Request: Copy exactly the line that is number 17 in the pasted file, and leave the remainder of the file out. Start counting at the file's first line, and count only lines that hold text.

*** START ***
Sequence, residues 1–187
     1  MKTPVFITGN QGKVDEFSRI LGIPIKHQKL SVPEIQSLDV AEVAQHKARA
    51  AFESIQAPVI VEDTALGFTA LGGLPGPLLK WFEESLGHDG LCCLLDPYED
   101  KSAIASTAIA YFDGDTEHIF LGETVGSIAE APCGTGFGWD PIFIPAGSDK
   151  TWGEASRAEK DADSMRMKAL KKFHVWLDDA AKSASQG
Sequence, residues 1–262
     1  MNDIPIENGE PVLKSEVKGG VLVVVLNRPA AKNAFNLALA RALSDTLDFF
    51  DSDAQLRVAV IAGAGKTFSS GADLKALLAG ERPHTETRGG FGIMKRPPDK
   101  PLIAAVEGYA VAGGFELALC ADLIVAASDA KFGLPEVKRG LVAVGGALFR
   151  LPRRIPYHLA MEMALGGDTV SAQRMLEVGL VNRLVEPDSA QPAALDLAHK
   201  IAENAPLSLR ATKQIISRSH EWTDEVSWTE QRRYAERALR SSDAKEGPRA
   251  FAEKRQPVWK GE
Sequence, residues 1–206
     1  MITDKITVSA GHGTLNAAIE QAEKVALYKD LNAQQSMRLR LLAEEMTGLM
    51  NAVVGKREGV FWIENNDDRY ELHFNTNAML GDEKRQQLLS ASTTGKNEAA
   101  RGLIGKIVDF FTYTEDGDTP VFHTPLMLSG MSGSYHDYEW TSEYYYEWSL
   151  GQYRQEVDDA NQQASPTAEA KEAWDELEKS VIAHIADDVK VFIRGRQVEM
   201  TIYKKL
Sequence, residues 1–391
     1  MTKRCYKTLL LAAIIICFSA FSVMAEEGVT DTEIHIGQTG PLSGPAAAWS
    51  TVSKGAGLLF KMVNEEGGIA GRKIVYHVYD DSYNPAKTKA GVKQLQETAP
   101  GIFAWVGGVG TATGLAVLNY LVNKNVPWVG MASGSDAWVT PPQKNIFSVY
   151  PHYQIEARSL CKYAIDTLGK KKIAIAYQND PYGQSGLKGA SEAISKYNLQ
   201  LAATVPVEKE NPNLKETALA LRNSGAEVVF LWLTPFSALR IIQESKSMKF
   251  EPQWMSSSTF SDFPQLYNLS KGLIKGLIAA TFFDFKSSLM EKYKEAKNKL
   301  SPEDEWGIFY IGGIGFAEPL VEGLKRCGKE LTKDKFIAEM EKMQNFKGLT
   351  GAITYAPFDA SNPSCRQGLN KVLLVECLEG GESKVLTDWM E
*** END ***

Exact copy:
   151  GQYRQEVDDA NQQASPTAEA KEAWDELEKS VIAHIADDVK VFIRGRQVEM